How the Quarterback Position has Changed: 1978-1989

Nickolas Loza | November 8th, 2018

In the last article, I went over how the position changed from the years 1966 to 1977, in this one I will be going over how the position changed from 1978 to 1989. Boy did it ever. With a few players in just 12 seasons, NFL passing was changed forever.

Changing the Rules

We’ll start in 1978, where a revolutionary rule change took place. The Pass Interference Rule was created, making it illegal to contact receivers after the pass catcher is five yards down the field. It also changed the way offensive holding was called. Offensive lineman used to not be able to extend their hands on passing plays, this was changed to manage conservative play calling and it opened up the skies for passes to be thrown. With just two rule changes the NFL was changed forever. Basically, these rules were changed to make the NFL more watchable. This had an immediate effect. Terry Bradshaw was the leagues Most Valuable Player in 1978, passing for nearly 3,000 yards, and 28 TDs in a Superbowl-winning campaign. The league had six teams go over 3,000 passing yards that season. Some of the greatest QB’s to ever play the game played in this period. We’ll go over some of them, the first of them being Dan Fouts, who played under the revolutionary Air Coryell offense. He was twice an All-Pro, six times a Pro Bowler, and led the league in passing yards four times in this span. He was as consistent of a passer as you would find in this era and was inducted into the Hall of Fame in 1993 with 43,040 passing yards, 254 TDs, and 242 INTs. He was an excellent passer and probably the best of his era.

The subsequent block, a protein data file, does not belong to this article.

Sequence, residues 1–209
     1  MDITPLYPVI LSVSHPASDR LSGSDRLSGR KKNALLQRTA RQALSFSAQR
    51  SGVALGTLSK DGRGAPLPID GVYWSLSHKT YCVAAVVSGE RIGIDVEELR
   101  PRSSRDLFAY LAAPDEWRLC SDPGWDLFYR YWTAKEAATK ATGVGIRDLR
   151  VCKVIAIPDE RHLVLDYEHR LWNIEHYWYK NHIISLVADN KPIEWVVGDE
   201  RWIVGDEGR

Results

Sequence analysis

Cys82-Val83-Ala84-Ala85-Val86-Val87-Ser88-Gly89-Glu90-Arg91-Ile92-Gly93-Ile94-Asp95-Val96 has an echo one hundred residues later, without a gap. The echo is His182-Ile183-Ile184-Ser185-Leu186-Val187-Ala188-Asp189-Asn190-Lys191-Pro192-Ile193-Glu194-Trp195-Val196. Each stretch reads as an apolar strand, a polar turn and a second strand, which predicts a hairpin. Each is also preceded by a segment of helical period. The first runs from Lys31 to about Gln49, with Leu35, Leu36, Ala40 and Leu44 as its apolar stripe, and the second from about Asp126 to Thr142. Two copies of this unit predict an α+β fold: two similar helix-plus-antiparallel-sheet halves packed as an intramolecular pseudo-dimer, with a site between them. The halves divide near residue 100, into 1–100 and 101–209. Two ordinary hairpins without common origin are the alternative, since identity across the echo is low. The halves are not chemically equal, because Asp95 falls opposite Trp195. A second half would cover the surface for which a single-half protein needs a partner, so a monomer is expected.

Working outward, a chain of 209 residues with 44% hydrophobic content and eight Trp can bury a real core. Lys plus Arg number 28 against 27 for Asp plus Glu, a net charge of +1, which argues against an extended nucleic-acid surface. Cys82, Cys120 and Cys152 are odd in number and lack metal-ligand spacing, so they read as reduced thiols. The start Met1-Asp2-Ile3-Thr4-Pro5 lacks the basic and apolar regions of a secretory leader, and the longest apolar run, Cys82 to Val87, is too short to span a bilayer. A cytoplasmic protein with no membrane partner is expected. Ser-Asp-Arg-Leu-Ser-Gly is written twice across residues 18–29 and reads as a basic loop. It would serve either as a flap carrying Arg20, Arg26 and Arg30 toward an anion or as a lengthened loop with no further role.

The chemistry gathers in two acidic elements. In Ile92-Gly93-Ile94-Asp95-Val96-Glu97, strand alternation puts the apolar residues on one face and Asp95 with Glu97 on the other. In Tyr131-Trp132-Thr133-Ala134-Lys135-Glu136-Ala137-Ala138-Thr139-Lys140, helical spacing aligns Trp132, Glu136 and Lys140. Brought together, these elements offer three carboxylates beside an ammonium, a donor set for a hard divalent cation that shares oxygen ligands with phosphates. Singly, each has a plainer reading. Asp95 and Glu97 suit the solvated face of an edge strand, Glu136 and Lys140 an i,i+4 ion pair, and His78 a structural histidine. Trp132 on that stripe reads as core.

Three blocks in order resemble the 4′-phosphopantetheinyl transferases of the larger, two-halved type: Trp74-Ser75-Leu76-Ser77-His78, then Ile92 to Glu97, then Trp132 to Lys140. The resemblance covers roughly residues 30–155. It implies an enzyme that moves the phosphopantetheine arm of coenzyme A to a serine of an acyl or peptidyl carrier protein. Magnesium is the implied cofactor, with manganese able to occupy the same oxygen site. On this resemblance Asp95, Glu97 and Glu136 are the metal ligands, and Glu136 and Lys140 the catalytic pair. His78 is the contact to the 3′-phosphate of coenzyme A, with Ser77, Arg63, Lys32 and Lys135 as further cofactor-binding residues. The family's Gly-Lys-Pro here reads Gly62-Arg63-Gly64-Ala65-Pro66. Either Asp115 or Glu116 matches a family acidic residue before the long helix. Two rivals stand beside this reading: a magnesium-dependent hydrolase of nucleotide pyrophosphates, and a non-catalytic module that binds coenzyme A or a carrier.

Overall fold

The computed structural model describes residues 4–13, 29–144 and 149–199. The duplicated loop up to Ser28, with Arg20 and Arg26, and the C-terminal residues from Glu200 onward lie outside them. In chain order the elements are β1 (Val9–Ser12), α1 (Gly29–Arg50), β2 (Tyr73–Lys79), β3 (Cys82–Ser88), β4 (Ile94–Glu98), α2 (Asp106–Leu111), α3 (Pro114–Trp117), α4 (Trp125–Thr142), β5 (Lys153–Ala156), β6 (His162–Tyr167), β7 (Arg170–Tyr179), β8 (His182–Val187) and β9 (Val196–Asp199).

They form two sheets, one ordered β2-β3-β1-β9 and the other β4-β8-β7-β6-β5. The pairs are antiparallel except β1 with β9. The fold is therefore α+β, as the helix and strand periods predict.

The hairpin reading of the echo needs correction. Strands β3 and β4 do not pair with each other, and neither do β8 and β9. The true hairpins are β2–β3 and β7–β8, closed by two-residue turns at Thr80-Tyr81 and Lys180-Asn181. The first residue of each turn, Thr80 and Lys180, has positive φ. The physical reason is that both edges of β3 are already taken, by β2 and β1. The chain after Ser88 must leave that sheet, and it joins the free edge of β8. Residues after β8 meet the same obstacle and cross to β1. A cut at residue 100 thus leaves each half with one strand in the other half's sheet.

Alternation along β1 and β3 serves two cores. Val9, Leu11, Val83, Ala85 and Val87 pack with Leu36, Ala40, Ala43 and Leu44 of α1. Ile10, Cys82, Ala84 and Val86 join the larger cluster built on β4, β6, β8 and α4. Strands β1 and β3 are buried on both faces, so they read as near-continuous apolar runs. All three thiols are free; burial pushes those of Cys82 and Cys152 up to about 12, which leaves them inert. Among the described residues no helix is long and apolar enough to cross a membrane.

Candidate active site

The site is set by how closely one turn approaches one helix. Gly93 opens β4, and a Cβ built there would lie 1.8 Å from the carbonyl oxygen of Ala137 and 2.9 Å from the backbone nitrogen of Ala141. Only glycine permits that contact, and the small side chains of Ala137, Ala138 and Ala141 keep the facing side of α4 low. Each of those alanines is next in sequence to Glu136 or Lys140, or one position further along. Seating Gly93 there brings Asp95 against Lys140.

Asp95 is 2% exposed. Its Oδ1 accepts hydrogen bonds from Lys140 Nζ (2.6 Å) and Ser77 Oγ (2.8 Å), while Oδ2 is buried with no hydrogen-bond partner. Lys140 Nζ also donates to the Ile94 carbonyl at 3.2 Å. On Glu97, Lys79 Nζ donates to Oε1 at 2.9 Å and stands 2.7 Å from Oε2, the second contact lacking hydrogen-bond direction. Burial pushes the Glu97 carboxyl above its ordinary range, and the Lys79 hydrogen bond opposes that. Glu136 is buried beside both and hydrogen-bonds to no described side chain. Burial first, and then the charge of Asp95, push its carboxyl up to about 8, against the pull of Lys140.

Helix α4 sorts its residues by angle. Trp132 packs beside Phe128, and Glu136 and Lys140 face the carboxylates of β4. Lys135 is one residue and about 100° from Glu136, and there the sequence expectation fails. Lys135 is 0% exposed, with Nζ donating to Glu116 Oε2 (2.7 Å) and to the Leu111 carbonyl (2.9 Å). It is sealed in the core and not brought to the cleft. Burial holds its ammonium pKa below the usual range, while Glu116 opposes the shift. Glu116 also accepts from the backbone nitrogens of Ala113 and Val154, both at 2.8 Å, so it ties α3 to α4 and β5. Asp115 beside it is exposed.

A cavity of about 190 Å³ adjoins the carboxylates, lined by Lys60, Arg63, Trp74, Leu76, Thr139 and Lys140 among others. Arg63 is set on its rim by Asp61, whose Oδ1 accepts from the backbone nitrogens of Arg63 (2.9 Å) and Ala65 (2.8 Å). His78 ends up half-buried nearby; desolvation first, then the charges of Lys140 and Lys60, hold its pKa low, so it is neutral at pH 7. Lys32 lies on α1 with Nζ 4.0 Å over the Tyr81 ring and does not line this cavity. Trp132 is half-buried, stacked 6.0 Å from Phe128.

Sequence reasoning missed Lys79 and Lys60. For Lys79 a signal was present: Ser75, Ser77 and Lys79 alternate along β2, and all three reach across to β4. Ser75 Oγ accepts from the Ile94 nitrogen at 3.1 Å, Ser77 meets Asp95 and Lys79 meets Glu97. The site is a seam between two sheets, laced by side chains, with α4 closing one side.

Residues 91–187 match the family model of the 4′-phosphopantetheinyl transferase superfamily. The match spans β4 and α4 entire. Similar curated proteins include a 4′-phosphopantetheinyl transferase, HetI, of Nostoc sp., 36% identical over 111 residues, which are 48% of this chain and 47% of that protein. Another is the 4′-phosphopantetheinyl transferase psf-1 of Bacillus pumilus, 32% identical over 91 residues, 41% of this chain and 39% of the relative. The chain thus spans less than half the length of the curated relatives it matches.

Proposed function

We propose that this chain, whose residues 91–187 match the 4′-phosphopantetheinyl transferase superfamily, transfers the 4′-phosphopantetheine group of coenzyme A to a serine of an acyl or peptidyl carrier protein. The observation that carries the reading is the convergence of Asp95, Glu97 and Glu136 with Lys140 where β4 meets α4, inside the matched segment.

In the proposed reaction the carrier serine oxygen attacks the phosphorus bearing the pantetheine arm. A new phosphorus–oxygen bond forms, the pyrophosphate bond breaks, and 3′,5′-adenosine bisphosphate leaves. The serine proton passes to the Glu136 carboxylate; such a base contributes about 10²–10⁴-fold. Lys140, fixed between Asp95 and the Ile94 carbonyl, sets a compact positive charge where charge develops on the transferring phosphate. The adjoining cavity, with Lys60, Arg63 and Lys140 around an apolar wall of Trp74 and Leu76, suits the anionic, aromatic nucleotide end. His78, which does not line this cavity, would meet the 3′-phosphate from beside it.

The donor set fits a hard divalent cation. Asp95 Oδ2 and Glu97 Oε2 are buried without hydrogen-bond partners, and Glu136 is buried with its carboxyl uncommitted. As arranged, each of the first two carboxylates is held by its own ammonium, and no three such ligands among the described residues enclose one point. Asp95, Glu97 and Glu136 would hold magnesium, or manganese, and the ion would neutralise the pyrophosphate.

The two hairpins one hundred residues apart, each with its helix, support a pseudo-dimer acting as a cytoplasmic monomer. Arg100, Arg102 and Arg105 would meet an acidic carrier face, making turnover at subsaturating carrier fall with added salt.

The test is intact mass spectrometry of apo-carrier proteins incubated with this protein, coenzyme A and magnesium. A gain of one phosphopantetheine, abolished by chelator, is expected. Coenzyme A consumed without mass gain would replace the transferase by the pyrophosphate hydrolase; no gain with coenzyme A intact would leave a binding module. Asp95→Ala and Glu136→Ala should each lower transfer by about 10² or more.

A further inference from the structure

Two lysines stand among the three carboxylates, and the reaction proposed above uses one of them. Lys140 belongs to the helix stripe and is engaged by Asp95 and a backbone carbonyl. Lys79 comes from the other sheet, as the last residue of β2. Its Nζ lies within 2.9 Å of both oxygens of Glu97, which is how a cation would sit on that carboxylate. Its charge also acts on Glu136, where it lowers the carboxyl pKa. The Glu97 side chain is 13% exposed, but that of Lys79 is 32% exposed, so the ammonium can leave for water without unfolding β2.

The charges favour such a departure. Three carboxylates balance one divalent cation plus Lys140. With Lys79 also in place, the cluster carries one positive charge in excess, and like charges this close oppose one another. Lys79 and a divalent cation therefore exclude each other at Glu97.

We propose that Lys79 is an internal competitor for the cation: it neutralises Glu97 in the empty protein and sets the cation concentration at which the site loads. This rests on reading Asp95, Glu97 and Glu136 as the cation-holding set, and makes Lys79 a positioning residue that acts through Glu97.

There was another, more unnoticed passer that is, in my opinion, the most underrated player in NFL History, his name is Ken Anderson. Ken Anderson played for the Bengals his entire career, and in 1981 he was named NFL MVP with 29 TDs and only 10 INTs. The lack of interceptions was especially impressive for an era where passing was just becoming a popular thing, after the 70’s Dark Era where the Steel Curtain defense ruled and other defenses like the Broncos’ Orange Crush existed. This season alone was enough for me to mention him because it was a remarkable year for a player who played in a relatively oppressive era for passing.

Some of the Greatest Ever

Another great passer in this timeframe was Dan Marino. He played more in the next timeframe, but in this timeframe, he put up impressive stats to boot. He made the Pro Bowl five times and was All-Pro three times. This was the prime of his career. In this span, he passed for 27,853 yards, 220 TDs, and a passer’s rating of 89.3. These stats were gaudy and were unseen throughout NFL History up to that point. He was statistically one of the best QBs ever in a chosen seven-year span in NFL History. Those numbers would still be impressive today. He was one of the top five QBs in this era, and he got past having a conservative coach in Don Shula who didn’t like to throw the ball. So this era even made conservative coaches open up to a passing game.

Joe Montana was one of the most impressive QBs accolade-wise during this time period, racking up three All-Pro selections, eight Pro Bowl Selections, two MVPs, and four Super Bowls. He ended up at the end of his career passing for 40,551 yards, 273 TDs, and 139 INTs with a passer rating of 92.3. Montana executed the West Coast Offense to perfection and never threw a pick in the Superbowl. He is considered by many to be the greatest of all time.

Some other notable QBs who played in this time period were Phil Simms, John Elway, who made four Probowls in this span but didn’t have success till the late 90s, and Boomer Esiason, who won MVP honors in 1988. This era truly changed the way QBs worked, offenses opened up and were scoring at astronomically high numbers, but this was just the beginning of the end for defenses. The rule changes in 1978 changed everything completely, and they had their desired effect; to stop the conservative play and open up the pass.

Hope you enjoyed!

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Main Credit Image: Embed from Getty Images

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